an older man getting his eyes examined, AMD, prevent macular degeneration, heart rate, window to your brain

As we grow older, our senses may become less sharp. Many people find it harder to hear; others find it more difficult to see clearly. One of the leading causes of impaired vision among senior citizens is age-related macular degeneration (AMD). In this condition, the central portion of the retina (the macula) degrades. Eventually, people with AMD find it difficult to focus properly on details in the center of their visual fields. Reading or driving may become impossible. No wonder some readers would like to learn how to prevent macular degeneration.

Will Dietary Supplements Prevent Macular Degeneration?

Q. Is there a good supplement for preventing macular degeneration?

A. A systematic review of the research suggests that vitamin and mineral supplements don’t prevent age-related macular degeneration (Evans & Lawrenson, Cochrane Database of Systematic Reviews, July 30, 2017). On the other hand, a large placebo-controlled study, the Age-Related Eye Disease Study 2 (AREDS2), showed that a multivitamin supplement containing vitamin C, vitamin E, beta-carotene and zinc could slow progression of this condition, which can lead to blindness (JAMA, May 15, 2013). Unfortunately, this supplement did not prevent macular degeneration in people who had not already begun to develop the condition.

Staying physically active, not smoking and following a Mediterranean-style eating pattern appear to help prevent macular degeneration (Carneiro & Andrade, Oxidative Medicine and Cellular Longevity, online Jan. 5, 2017). You can’t change your genes, which convey some of the risk of developing AMD. However, people who followed a Mediterranean-type diet with lots of leafy green vegetables and more fish than meat were less likely to see their AMD progress (Merle et al, American Journal of Clinical Nutrition, Nov. 2015).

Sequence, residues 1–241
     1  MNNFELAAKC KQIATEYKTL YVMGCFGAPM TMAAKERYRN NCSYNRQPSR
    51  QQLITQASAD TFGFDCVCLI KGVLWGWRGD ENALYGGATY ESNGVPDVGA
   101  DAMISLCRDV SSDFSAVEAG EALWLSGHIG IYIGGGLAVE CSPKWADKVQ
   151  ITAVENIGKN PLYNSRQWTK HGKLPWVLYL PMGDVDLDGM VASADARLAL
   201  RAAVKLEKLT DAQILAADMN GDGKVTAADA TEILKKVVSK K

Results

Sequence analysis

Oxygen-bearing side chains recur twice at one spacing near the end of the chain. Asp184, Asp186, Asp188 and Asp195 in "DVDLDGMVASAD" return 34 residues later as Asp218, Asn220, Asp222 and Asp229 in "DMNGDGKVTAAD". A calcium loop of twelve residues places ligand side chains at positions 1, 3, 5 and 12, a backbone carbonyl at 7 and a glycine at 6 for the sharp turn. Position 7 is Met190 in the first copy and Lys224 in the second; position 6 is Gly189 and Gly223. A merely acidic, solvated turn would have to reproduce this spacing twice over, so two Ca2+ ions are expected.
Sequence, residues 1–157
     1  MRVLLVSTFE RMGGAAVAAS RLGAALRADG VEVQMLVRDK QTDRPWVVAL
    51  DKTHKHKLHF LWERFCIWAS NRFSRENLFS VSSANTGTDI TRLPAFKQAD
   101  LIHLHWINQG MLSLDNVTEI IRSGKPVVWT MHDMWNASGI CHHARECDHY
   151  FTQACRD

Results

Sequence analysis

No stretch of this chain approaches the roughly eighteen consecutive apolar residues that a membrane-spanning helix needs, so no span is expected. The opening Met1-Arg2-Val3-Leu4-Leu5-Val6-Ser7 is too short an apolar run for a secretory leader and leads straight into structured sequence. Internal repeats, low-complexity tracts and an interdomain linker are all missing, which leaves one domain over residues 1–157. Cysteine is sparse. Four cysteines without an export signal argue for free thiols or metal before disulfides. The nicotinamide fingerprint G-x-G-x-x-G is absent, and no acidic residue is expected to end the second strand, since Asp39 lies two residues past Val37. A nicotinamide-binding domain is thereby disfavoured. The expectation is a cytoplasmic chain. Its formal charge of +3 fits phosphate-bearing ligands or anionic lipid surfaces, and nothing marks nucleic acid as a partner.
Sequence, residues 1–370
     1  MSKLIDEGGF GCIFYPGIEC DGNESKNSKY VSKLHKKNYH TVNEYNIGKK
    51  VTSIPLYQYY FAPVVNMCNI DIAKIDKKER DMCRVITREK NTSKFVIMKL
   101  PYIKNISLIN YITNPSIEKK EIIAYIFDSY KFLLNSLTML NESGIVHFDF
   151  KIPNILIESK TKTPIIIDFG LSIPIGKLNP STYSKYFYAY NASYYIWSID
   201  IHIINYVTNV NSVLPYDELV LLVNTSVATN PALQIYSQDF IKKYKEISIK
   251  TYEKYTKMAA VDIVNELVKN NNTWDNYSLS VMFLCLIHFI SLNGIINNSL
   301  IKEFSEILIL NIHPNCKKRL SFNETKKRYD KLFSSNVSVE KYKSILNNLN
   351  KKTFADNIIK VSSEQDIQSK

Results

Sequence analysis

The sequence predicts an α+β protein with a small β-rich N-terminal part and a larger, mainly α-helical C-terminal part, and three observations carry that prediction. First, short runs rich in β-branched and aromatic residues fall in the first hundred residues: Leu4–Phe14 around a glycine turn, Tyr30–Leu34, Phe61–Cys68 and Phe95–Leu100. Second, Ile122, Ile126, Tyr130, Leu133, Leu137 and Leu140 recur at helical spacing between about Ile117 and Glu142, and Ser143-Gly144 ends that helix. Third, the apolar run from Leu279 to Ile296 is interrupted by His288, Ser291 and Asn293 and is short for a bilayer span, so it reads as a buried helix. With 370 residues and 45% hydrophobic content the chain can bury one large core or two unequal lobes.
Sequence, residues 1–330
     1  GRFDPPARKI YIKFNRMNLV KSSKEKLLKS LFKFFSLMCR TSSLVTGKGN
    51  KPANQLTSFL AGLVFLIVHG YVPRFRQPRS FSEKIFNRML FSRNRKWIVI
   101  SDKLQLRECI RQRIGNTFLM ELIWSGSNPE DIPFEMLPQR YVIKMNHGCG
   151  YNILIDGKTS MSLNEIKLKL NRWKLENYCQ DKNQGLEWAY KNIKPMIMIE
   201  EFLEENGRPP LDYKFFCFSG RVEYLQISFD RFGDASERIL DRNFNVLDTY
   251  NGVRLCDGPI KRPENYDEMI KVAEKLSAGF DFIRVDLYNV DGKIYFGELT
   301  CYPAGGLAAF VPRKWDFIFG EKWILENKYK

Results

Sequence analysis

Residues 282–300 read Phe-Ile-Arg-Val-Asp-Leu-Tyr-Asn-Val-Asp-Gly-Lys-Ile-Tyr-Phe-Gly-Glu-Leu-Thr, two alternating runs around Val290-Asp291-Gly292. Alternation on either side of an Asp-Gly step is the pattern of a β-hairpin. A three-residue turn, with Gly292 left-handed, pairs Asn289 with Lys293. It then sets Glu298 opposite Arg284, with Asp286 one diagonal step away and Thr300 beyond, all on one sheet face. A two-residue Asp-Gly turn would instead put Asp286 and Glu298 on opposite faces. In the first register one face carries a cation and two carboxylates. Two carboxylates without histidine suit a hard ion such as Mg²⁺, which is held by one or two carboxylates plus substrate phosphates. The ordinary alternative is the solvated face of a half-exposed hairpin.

Should You Take AREDS2 Formula Supplements?

A review found that genetic factors strongly influence whether or not these supplements help delay or prevent macular degeneration (Rojas-Fernandez & Tyber, Annals of Pharmacotherapy, March 2017). Consequently, the best advice is to ask your eye doctor if you have begun to develop macular degeneration. If so, genetic testing might guide you in choosing whether supplements are likely to be effective.

Learn More:

We discussed AMD and other visual disorders with Dr. Peter McDonnell. You may wish to listen to the interview.

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  1. Ellen
    NM
    Reply

    I friend told me that her eye doctor recommended RAW kale for MD treatment/prevention. She showed me a chart her eye doc had given her that showed how much of a certain micro-nutrient that was preventative (can’t remember the name!) was in various greens.

    There was some in most greens and in cooked kale, but raw kale had way more of it than anything else.

  2. Lena
    Woburn, MA
    Reply

    I forgot to add to my recent reply.

    I also take Preservision Areds2 supplements. Was taking Centrum Silver multi-vitamin for a few years; I recently asked my PCP if I really needed it, based on my very healthy diet. He said I could stop taking it. So I did.